Blogging Saudi Arabia
Undermining the Wahhabis, one post at a time.
Jan 30, 2006, Vol. 11, No. 19 • By STEPHEN SCHWARTZ
ON OCTOBER 21, A new message came out of the kingdom of Saudi Arabia, the land of Wahhabi Islam, with its commitment to financing jihad, its public beheadings, and its total subordination of women. But rather than the usual extremist preaching, promoting the bloody terrorist acts of Abu Musab al-Zarqawi in Iraq or inciting hate against non-Wahhabi Muslims, Jews, Christians, and others around the world, the message was a call, in imperfect English, for "the first Saudi bloggers meet up." And with it, Saudi Arabia passed a milestone.
The announcement on the website "Saudi Blogs" [saudiblogs.blogspot.com] came from "Ahmed" and was not without its contradictions. It noted obtusely that "according to the Saudi style, [the meeting] will be for males only."
Within four hours, the first reply to Ahmed declared, "Both sex[es] must b[e] involved in this"--that is, the improvement of Saudi blogging. Confusingly, however, the author of that comment, "Super MO," conceded that coeducational blogging might best be limited to the net. Within a few more hours, however, a female blogger said she would love to attend the proposed meeting.
Men and women blogging together, of course, represents a total flouting of Saudi rules mandating sex segregation. And there can be no turning back. Saudi authorities cannot confiscate all the computers, Blackberrys, and cell phones in the kingdom. Nor can they forbid the use of the English language.
Saudi Blogs inventories more than 80 active sites, 67 of them in English or English and Arabic. Saudi women produce some of the most interesting sites. They are so daring in their freedom of expression that one congressional staffer who reads them regularly expressed complete bewilderment, asking, "How can this happen?" The globalization of American culture obviously has a lot to do with it, since many blog entries are written in the hip-hop, text-message idiom of Western teenagers.
The most startling and thought-provoking Saudi blog is "Farah's Sowaleef" [farahssowaleef.blogspot.com], sowaleef meaning "chitchat." The site advertises itself as "The Everyday Natterings of an Exhausted, Repressed, and Bored 'Saudi' Arabian Chick." Writing in a generally readable mélange of English and occasional Arabic, the author, Farah Aziz, alias "Farooha," reveals herself to be a student at "KSU"--King Saud University (not Kansas State), the kingdom's oldest university. Farooha is a "spoiled jingoistic" resident of the capital, Riyadh, as well as of Najd, the desert province from which Wahhabi radicalism and the royal house of Saud emerged.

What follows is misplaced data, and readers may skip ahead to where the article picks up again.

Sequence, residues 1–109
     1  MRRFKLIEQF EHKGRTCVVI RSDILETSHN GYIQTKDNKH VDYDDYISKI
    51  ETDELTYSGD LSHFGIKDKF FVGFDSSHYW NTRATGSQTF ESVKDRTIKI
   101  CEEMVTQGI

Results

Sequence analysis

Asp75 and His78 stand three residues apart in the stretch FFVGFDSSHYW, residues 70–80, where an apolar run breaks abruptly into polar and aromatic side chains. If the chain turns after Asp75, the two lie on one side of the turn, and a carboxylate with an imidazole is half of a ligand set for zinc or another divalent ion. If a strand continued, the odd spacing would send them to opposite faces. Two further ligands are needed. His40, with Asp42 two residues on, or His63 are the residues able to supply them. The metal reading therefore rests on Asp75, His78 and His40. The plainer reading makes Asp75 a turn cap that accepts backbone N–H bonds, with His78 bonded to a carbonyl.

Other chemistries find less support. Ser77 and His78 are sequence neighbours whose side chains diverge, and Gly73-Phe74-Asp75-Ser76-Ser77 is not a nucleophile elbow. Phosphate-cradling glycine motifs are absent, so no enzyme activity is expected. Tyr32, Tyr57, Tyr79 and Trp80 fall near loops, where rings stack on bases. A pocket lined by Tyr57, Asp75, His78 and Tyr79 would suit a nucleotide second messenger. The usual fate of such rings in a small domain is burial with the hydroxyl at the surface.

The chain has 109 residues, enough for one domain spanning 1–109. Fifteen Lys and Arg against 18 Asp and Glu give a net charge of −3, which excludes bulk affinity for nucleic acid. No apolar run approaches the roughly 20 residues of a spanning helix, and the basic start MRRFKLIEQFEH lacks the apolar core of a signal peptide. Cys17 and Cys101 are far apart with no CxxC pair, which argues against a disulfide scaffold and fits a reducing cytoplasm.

Farooha has a lot to complain about, and she is unafraid to do so. When she chooses, her English is perfect. She also posts color photographs, obviously taken on a cameraphone, on her blog. Some of the images are banal in the extreme--piles of candy in the city at the end of the Muslim fasting month of Ramadan, for example--but one, in the entry dated October 26, seems unsurpassable in its expression of the Saudi regime's pathology.
The photo shows an interactive panel installed on a wall at KSU, where women students are requested to indicate their choice of a destiny after death by choosing between two pictures. On the left a woman is shown dressed in a head and neck covering, a full body hijab resembling a raincoat, and a floor-length dress. She carries a handbag. Next to her is a depiction of flames. This woman, despite her extremely modest attire, is headed for the fires of hell. On the right a woman is shown outfitted in the recommended female dress: a black abaya, covering the head, face, and entire body, whose contours cannot be distinguished. The woman dressed this way is headed for paradise, depicted as a park in which, strangely enough, only black-abaya-clad women are gathered.
The message is almost beyond belief: Eternal damnation awaits a Saudi woman who carries a handbag, exposes her eyes, or allows her female form to be even faintly discernible. For those who obediently wear the abaya, God's reward in paradise will include continued concealment and sex segregation.
This interactive gimmick is pure, unadulterated Wahhabism. Farooha comments, "Bulletin boards in universities are usually put up for academic purposes . . . in KSU, this is what you would expect to find."